Do You Need Periodontal Treatment? Four Things to Consider

When you visit a periodontist for periodontal treatment, you’re really in good hands. Periodontists have undergone an extra three years or more of specialized training in order to be able to successfully provide both non-surgical and periodontal plastic surgery procedures.

Since periodontists also handle dental implants, you may have seen a periodontist for a consultation recently—even if you don’t struggle with periodontal or gum disease.

Periodontology proper, though, is the practice within dentistry that looks at the supporting structures of the teeth, including bone and tissue. In this practice, the phases of gum disease from mild gingivitis to advanced periodontitis—a condition characterized by inflammation around the tooth and possible tooth loss—are all studied, diagnosed, and treated by trained periodontists.

The Centers for Disease Control (CDC) estimates that half of American adults aged 30 and older suffer from some form of periodontal disease. This accounts for an incredible 64 million adults from coast to coast.


Are You a Candidate for Periodontal Treatment?

Because every patient is different and the stages of gum disease manifest differently, no two periodontal treatments are exactly alike.

There are two broad categories of periodontal treatment—non-surgical and surgical. Non-surgical treatments include procedures like scaling and root planing, aimed at removing the tartar, plaque, and calculus that can exacerbate gum disease.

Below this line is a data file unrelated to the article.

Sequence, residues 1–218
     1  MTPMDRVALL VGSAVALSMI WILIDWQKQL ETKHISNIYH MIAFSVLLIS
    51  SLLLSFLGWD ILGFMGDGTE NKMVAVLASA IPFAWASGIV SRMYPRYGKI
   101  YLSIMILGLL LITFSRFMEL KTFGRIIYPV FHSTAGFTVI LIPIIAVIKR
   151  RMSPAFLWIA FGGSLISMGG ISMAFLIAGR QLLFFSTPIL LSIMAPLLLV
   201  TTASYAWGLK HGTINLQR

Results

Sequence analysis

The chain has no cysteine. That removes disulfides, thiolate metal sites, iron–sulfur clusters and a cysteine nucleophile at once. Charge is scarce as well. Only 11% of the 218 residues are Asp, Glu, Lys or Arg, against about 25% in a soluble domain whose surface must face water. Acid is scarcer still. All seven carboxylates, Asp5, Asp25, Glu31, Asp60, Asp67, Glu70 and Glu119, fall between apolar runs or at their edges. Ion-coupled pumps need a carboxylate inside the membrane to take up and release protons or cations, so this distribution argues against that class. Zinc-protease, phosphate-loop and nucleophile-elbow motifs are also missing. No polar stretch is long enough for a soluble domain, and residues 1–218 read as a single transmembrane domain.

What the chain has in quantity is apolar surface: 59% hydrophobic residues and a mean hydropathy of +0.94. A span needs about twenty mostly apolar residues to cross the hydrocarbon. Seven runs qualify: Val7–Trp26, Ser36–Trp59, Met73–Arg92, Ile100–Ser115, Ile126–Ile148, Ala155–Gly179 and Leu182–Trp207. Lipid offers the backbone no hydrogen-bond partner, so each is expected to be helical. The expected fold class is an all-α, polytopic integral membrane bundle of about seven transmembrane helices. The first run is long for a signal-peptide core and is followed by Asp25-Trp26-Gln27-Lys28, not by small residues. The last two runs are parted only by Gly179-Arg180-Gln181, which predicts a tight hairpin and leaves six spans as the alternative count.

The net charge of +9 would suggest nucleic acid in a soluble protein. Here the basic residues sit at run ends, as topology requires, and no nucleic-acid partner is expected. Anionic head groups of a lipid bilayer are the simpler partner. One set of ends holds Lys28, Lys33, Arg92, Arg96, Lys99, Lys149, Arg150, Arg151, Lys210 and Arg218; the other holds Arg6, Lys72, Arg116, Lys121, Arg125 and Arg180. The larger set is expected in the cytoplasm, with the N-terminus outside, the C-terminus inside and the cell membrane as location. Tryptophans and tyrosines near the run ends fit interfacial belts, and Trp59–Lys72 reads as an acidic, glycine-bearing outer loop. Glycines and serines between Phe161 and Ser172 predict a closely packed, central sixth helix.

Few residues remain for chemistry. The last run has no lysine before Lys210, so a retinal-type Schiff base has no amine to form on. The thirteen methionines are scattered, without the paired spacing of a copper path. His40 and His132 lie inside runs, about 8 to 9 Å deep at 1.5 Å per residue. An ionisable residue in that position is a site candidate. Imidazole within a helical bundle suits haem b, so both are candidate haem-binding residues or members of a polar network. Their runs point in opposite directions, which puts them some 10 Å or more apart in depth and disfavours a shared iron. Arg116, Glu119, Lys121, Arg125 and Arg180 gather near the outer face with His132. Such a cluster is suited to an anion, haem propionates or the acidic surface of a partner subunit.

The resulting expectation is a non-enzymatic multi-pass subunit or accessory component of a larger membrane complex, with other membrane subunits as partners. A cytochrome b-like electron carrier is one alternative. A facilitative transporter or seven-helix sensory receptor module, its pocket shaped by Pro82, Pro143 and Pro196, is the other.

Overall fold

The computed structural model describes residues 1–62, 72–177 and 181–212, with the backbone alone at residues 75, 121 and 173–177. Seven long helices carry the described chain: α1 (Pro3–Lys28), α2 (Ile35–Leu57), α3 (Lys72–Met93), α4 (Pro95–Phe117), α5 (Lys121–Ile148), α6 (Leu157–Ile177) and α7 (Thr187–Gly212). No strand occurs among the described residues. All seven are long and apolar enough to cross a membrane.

Are Your Gums Receding?

Surgical treatments for this issue might include gum graft surgery, which provides healthy gum tissue where it’s needed most in your mouth, or plastic surgery options.

The latter might provide you with a better smile if your teeth seem too short because of too much gum tissue or, alternatively, if you’ve experienced the effects of gum recession over the years.

Do You Have Excess Tartar Buildup?

Periodontal disease is on a continuum, with mild gingivitis on one end and severe periodontitis and bone loss on the other. The American Academy of Periodontology wisely recommends the least invasive form of therapy possible for your particular kind of gum disease.

If your gum disease is moderate—perhaps a case of mild gingivitis or extra plaque that’s causing problems for you—then scaling and root planing might be procedures worth pursuing in consultation with a local periodontal specialist. Scaling and root planing are some of the most popular periodontal procedures around today.

Systematic antibiotics and antimicrobial substances may be adjuncts to scaling and root planing. Both are considered safe when performed by a qualified periodontist.

Do You Have a Stellar Bite?

A poor bite can wear down your teeth, cause some teeth to become loose, and even contribute to gum disease by creating nooks where bacteria can thrive. Ask your periodontist about tooth reshaping or a bite splint—both can improve smiles. And if you’re missing multiple teeth, you might consider the following.

Are You Missing Many Teeth?

The National Institute of Dental and Craniofacial Research found that the average adult loses about four teeth between their twenties and their fifties. Teeth can be lost for a variety of reasons, including trauma, tooth decay, and advanced gum disease.

What many adults don’t know is that periodontists can provide permanent dental implants supported by extremely powerful titanium so that you can improve your appearance and your bite at the same time. As long as your bone and jaw are healthy enough to support dental implants, and you meet a few other checkmarks, you may be a candidate for dental implants. Visit the Central Florida Periodontics website to learn more!